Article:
Thursday, January 17, 2008

Rush Limbaugh Versus the Ambassador to the Holy See

There is truly a battle for conservatism in this country it appears. I think the true battle is reminding certain folks that are "purists" that there are several threads of legitimate conservative thought in Republican party. I think this has been forgotten. We all must live together and adapt together or we all go down together.

On that note the comments of Rush Limbaugh have been raising some eyebrows among conservatives. Especially Social conservatives and I suppose the Cruncy Conservatives among others.

Two places addressed this quite well today. I think Rod at Cruncy Con did a good job in these two post. That is Unparodyable/The Bubble Republicans and a challenging post here Bootstraps and conservatism.

I must say that the last one reminded me so much of what Pope Benedict has been saying.

Now what is interesting is the great discussion that occurred on the Mirrors of Justice Site. That is a site that is dedicated to the development of Catholic legal theory.

There were several posts on Rush's comments and if this was "conservatism". The quote that is of interest both to Rod and to the fine minds at Mirrors is this:

But if we're going to keep this notion that everybody's entitled to have whatever they want medically paid for by their neighbors, then we are finished. We are finished as a country; we are finished as a society. You can talk about my wealth, but let me tell you something, sir. I don't depend on anybody else for anything, and it was one of my objectives when I grew up. I didn't want to be obligated. I didn't want to be dependent. I didn't want to owe anybody. I don't buy into insurance plans because it's a hassle! Now, I know a lot of people don't have that freedom. I used to not have that freedom, either. But I do now because I worked for it — and if I can do it, a lot more people can do it than think they can, and that's conservatism again.

Now the fun starts at Mirrors of Just with this first post A question for my conservative friends . . . He says in part:
Here's the question for my conservative friends: Is Rush correct that conservatism stands for complete self-reliance and independence? I understand -- and agree with, in many contexts -- conservatism's skepticism toward government as the most effective provider for human needs. But Rush seems to be taking that skepticism to another level, turning it into a principle that stands in direct conflict with the nature of the human person, as expressed through the ideas of solidarity, reciprocity, subsidiarity, and the common good. I know there are many different currents within the mighty conservative river, and so I'm likely to get many different answers, but let me try to simplify the question: is Rush disconnected from mainstream American conservatism, or is mainstream American conservatism disconnected from an authentic understanding of the human person?.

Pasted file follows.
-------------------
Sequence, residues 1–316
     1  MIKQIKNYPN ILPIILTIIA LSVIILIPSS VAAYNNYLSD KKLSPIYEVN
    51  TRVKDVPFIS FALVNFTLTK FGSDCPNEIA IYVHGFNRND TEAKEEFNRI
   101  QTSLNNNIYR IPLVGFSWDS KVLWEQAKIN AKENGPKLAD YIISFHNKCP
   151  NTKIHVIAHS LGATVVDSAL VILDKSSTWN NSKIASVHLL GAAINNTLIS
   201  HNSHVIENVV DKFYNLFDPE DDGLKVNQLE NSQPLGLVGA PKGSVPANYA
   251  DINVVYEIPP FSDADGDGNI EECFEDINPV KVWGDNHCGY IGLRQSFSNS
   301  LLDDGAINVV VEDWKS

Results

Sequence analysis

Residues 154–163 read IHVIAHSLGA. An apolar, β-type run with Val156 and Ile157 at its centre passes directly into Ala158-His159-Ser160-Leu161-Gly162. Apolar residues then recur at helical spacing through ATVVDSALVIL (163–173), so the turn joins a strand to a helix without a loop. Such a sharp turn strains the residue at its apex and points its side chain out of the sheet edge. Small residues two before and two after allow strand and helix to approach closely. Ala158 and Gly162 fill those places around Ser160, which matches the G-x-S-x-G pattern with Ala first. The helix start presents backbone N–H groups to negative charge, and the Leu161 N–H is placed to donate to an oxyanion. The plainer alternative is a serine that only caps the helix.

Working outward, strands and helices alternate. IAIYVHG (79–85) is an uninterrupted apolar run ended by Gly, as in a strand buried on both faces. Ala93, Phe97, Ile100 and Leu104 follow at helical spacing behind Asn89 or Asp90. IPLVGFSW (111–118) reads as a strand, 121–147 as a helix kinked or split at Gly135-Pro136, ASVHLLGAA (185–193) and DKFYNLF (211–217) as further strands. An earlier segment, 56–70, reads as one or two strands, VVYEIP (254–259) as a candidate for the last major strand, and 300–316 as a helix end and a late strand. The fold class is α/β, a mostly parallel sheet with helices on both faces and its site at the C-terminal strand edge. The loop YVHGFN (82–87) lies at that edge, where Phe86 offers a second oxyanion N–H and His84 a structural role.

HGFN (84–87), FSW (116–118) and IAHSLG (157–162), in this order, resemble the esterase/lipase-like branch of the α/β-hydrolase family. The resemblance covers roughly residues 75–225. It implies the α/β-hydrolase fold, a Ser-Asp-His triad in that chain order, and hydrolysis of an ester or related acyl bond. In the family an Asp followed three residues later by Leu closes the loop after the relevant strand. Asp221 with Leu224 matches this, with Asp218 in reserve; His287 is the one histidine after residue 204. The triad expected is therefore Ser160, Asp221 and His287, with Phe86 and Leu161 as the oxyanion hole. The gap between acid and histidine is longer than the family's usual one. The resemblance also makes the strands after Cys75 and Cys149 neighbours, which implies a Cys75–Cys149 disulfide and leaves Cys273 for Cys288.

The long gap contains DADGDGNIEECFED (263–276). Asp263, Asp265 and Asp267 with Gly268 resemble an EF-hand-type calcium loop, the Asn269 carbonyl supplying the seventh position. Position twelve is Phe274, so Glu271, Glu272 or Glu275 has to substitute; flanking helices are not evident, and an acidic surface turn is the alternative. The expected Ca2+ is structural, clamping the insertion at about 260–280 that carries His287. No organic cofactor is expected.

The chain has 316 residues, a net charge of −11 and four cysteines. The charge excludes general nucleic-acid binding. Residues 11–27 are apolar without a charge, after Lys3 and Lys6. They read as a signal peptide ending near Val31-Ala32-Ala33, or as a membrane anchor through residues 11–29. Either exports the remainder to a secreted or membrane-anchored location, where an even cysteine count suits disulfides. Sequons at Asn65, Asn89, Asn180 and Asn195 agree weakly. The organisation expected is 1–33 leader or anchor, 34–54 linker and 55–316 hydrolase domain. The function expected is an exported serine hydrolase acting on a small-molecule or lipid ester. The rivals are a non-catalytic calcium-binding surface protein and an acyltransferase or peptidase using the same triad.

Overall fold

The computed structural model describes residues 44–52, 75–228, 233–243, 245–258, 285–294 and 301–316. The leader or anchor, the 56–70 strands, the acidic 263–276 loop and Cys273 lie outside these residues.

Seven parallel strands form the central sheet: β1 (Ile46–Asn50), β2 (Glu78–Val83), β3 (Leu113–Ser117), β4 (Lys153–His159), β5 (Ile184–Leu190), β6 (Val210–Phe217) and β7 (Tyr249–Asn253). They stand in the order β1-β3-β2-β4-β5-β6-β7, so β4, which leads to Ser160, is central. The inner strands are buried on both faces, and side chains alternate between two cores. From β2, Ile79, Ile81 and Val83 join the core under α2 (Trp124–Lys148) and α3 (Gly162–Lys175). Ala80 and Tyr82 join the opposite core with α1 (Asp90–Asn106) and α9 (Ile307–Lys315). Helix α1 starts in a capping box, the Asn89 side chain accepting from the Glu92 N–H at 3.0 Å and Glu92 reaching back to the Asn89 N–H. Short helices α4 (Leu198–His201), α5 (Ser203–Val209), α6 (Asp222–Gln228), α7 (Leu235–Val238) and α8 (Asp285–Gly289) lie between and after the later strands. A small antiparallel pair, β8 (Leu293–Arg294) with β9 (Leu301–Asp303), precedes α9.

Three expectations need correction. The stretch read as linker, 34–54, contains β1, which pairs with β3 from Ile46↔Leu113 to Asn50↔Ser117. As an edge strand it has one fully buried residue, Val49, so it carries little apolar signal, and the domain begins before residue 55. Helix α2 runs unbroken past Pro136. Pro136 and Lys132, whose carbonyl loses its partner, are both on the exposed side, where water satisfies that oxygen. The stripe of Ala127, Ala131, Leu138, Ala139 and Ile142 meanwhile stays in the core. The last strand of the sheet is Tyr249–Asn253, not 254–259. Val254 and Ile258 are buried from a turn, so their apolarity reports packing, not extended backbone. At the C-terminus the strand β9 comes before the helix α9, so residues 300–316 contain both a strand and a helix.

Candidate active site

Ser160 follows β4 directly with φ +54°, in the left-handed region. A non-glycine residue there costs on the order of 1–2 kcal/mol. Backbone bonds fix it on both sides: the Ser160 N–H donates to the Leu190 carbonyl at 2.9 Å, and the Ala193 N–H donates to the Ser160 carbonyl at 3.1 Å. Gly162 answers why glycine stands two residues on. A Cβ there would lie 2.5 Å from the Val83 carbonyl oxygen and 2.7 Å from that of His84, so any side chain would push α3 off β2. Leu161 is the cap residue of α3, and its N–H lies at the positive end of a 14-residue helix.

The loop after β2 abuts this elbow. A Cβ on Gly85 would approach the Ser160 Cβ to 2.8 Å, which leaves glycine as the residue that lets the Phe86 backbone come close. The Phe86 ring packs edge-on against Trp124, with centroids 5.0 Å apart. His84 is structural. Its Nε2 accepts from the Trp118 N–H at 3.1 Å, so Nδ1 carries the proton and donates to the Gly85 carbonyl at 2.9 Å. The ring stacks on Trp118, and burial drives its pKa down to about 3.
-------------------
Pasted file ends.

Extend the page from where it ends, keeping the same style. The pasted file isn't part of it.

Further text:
I think that is correct. We are now seeing the disconnect that National Review Folks , Rush, and others have between what the mainstreat conservatives believe. I guess that is why I am supporting Huckabee and fascinated that his campaign is bring some of this to the forefront.

BY THE WAY I AM VERY MAD AT HUCKABEE TODAY. I am still supporting him but something happen , that I might blog about later, today that has me miffed. I suspect and in fact know pretty much we shall have to come off that position in a matter of months or moderate it.

Anyway returning to the post. By the way by now you are asking what does this have to do with the Ambassador of the Vatican? Well we are getting there. Another Contributor at MOJ responded here at Rush's Radical Autonomy:

it seems to me that Rob is right that Rush’s views are disconnected from an authentic understanding of the human person. I would go so far to say that no politically conservative Catholic with a well-formed conscience could assent to Rush’s aspirations of radical autonomy.

Now Mr Garnett chimed in with I think a post that needs to be read. That is More on "dependence". He reminds us that perhaps we should assume that Rush Limbaugh is not laying out a full morality of man here and all these concepts. I think that is fair. He has a magnificent essay he quotes in part on this subject so be sure to read the whole post. However he says:
That said, it seems more likely to me -- I could be wrong, of course -- that Rush was not purporting to say anything well considered about the nature of the human person, and was instead expressing his views that, for example, some policies might create dignity-sapping dependence on government, or that it is healthy, in a free society, for persons and families to be, to the extent possible, not entirely dependent on the public authority for support and maintenance.
We might disagree with these views, but they are certainly not ruled out by a Catholic understanding of the human person

Well that is true. In fact that is right out of Catholic Compendium on Social thought. However after listening to Rush I think he is becoming much more of a person that does not see all this in the practical aspects of life. As Reagan said Conservatism is not lived out in a labatory but in real life.I agree with many of the ideas he advocates. But it appears that he has gone into Conservative purity into just one facet. That is the economic to the exclusion of others facets of conservative thought and that is not real life.

Now here we get to Mary Glendon. May Glendon was a advisor to Mitt Romeny. She is one of the leading Catholics in the United States. She was appointed by President Bush to the President's Council on Bioethics, the official Vatican representative to the international 1995 Beijing Conference on Women sponsored by the United Nation, andfirst female President of the Roman Catholic Churchs official Pontifical Academy of Social Science, appointed by Pope John Paul II